Many of you are hopefully enjoying barbeques this summer and I bet one of your favorites is corn on the cob. Well, we have a story that will change the way you look at corn forever, so open your ears for today's Feature at Five.
Welcome to the land of mutant maize where it seems almost any size, shape and form of corn is possible!
Eric Jones, an FSU biology graduate student, says, “All of these are corn but they're all different, whether it’s the color, leaves, or they grow flat on the ground.”
The a- “maize”-ing display is operated by FSU's Biology Department. Professor Hank Bass says he and his students have planted single gene mutants of corn to illustrate genetic control of growth and development.
“Some people may look at this and say awe shucks, but this is actually a mutant stalk of corn called a necrotic, and believe it or not, it's healthy and it’s supposed to look this way. Some people eat this; it’s a delicacy in some parts of the world.”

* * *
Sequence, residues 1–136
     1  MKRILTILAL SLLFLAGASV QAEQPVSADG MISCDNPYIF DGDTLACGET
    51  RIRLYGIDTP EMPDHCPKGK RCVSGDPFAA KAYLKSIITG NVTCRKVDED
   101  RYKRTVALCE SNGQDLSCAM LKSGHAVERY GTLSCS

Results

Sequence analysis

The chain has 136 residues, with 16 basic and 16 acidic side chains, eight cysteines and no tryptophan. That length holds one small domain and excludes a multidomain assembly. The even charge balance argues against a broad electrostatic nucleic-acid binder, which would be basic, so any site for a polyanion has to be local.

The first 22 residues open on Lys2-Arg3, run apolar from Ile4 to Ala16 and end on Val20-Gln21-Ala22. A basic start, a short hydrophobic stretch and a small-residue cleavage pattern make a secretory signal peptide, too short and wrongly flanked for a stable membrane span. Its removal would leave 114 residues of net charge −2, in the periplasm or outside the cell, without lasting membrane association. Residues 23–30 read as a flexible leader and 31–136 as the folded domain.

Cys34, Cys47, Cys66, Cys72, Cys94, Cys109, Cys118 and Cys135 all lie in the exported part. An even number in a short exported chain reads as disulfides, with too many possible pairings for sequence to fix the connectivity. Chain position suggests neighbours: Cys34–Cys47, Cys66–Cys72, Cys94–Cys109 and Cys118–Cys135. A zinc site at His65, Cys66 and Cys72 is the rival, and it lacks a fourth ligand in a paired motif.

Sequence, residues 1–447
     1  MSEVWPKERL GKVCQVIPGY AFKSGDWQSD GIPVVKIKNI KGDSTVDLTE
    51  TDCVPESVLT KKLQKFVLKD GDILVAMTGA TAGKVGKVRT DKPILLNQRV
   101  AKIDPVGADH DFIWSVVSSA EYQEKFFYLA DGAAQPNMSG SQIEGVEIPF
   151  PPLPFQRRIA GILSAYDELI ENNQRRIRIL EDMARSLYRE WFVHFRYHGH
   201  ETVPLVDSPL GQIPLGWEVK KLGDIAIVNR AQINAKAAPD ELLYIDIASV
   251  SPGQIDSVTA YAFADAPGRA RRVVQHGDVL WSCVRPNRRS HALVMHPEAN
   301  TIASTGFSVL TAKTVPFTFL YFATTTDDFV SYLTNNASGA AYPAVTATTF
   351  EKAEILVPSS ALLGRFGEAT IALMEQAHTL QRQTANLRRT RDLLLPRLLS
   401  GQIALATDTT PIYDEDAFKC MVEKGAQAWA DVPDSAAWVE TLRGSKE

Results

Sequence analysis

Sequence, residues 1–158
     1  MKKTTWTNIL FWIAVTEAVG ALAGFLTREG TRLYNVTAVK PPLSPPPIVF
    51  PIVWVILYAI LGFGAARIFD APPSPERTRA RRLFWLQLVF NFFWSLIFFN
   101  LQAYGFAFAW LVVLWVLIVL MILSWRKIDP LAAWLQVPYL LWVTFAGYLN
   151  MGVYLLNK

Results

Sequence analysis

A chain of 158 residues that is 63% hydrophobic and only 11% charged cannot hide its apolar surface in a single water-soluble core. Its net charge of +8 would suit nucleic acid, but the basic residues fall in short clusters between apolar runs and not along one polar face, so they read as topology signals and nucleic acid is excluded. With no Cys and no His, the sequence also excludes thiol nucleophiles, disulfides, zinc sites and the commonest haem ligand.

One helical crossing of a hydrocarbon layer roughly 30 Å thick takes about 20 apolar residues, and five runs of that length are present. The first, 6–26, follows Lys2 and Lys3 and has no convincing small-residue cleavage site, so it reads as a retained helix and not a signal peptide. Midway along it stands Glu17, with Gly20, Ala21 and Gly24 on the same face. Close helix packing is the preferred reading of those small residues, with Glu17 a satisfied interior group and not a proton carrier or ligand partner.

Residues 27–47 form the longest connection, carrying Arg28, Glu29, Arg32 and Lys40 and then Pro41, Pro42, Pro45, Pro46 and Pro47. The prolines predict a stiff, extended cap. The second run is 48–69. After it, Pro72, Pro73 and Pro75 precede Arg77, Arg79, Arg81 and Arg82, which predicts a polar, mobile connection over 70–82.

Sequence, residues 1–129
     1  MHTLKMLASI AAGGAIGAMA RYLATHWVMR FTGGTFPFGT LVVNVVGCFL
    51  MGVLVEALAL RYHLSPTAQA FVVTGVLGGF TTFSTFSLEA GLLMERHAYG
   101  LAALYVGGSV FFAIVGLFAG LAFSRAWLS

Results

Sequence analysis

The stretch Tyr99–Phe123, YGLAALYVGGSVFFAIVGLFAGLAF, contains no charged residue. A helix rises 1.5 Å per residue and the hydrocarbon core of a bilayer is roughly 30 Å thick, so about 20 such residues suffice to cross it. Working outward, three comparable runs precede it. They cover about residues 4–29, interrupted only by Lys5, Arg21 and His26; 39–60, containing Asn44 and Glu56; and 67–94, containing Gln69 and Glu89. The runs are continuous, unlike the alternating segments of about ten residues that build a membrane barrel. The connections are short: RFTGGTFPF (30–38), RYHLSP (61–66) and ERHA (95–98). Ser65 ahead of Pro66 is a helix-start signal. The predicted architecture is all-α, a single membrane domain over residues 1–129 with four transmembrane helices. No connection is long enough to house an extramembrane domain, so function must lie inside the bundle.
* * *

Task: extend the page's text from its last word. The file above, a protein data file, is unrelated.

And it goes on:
The goal of the project is threefold; one, to teach K-12 students about genetics, two, to improve corn nutritionally
Dr. Hank Bass says, “And also there's and increasing desire for bio-renewable fuel and corn starch can be used to make ethanol, and it’s being added to the gasoline supply.”
This research is part of a $1.5 million, four-year project that will eventually expand to a larger cornfield in Quincy in 2006.
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